The Difficult Truth I See Reflected in the World These Days
There’s a level of consciousness that we desperately need to develop, to mature into. As humanity. As individuals. As societies and people. And yet it eludes us in these strange, troubled times. Somehow, we seem to slink deeper and deeper into the recesses of what Jung might have called the shadow, what Freud might have called pure id, what you and I might just call malignant narcissism. Isn’t it fair to say, these days, that hate, seems to be making a defiant comeback?
So rather than analyze it sociopolitically, economically, as I often do, I want to tell you a little bit of the story of my own journey of consciousness. You see, it would have been the most natural thing in the world for me to end up part of the tidal wave of hate engulfing the globe. After all — it’s vanguard is young men, of a certain kind.
Every now and then, I check the forums the bitter young men of the world rage in. You know the ones I’m talking about. Go ahead and emit a horrified laugh. Why do I do it? I’m not sure. It’s not just to gawk. A part of me, if I’m honest, feels horrified. But another part of me thinks — I’ve been close to that edge, that line, too.
I don’t know that I was ever so badly off as many of the young men — the boys, really — raging fatalistically there. But I do know that I’m a child of a forgotten holocaust. It’s scars cut jaggedly through every person who raised me. It lacerated every single life close to me with depression, trauma, grief, alienation. To escape it, my parents fled to a promised land.
A place which, the very day I arrived on its shores, seemed to hate me. As deep and true as the sun shines into the endless night. It hated me in a way that I couldn’t understand. I spent many, many years trying to grapple with it.It became a kind of curse I was desperate to dispel. Maybe this society would hate me less if I was stronger, I thought. But I stayed the sickly skinny kid, no matter how much iron I pushed. And I was hated all the same. Maybe it wouldn’t hate me if I was more accomplished, then. So by the age of 35 or so, I’d written my columns and books and began my appearances on the news and the radio. And yet I still felt that sense of hate, ripping through my life as an eclipse on a sunny day.
Now, you might ask: “where? how?” Ah, my friends. Hate doesn’t need to come to us in flamboyant ways. You don’t need much to know you’re hated. The poison can be transmitted with something as subtle as a word, a look, a glance. That might not make much sense to those with you with the now cliched “white privilege.” But when 75%, 80%, 90% of a kind of people seem to respond to you precisely the same way…with exactly the same level of contempt and indifference…not matter what you do…just for being who you are…you know, deep down, without a shadow of a doubt, that you are hated. You know it through endless little violences, tiny missiles of conflict and scorn that erode and corrode you, when they hit you a thousand times a day. Something endless in you knows when you are being annihilated.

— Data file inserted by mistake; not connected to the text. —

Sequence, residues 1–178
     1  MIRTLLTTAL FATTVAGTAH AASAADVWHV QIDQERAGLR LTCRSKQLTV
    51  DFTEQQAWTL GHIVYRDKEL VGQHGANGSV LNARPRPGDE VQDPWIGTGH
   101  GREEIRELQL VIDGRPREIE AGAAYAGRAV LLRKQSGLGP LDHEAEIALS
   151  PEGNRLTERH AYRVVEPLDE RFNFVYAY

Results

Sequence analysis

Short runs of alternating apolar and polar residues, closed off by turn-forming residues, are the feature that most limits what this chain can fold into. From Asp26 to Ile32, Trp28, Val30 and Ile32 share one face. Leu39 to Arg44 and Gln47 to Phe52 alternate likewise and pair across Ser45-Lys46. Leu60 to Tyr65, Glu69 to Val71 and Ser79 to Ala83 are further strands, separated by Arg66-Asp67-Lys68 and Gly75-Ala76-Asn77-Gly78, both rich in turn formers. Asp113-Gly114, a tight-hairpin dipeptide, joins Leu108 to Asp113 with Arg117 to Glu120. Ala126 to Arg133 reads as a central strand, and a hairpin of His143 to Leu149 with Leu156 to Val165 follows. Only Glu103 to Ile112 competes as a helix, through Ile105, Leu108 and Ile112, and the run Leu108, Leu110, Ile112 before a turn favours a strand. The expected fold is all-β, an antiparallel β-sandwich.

And it bewildered me. It baffled me. Totally and absolutely. I could solve all the other problems in life — the equations, the theories, how to make money, how to build a career. But this feeling of being hated just for who I was? Nothing I did — nothing — took an iota of that hate away. I’d done all the things that I’d been taught — not just by my parents, but by the rules of the promised land. Work hard. Become someone. Then you’ll be worthy, at last. Of what? I never asked. Just not being hated for being at all — that was my only real desire, I think. Just to be able to…be…without this society trying to annihilate me for just being me.
But by then, it became painfully clear to me that nothing I was doing was working. And I was beginning to die a little bit. Or maybe a lot. Day by day. Remember those angry young men raging online? That’s how I began to feel. Rejected, outcast, scorned. And like nothing I could ever do would make the slightest difference. It hadn’t yet — and what else was there left for me to do? I slunk into a kind of catatonic despair, as soothing as the flames of a great fire. As cold and numbing as the dead of winter.
I knew, somehow, that this was it. My life was over in this place, as this person, in this role I was being forced to play, of the hated one. Yes, really. There was nothing left for me. Nobody wanted to be my friend. Nobody wanted to give me a job. Nobody wanted to date me. I was totally alone, all the time, isolated in a way that felt more painful than the last day of an eternal summer. I felt that feeling — that my life was over here — more deeply and truly than anything else I’ve ever felt, to this day — except the instant I met my partner, who saved my life, but that’s another story.
And so I did the only thing I had left to do. I fled. I went into exile. I ran away to Europe the very first chance I’d got. Where I’d never felt that sense of hate, that atmosphere of little violences forever aimed directly at me. That sense of constant threat — as if I was something to be annihilated, socially, culturally, economically. And after a long, long time, in its gentle arms, something in me began to change. But before I tell you what it was, I want to tell why it happened.
You see, after long enough away from being hated, deeply, pervasively, as if my entire being was something society wanted annihilated — and trying to desperately understand, bewildered, what I could do to stop being hated — I began to understand the place I’d fled from anew. I saw it much more clearly.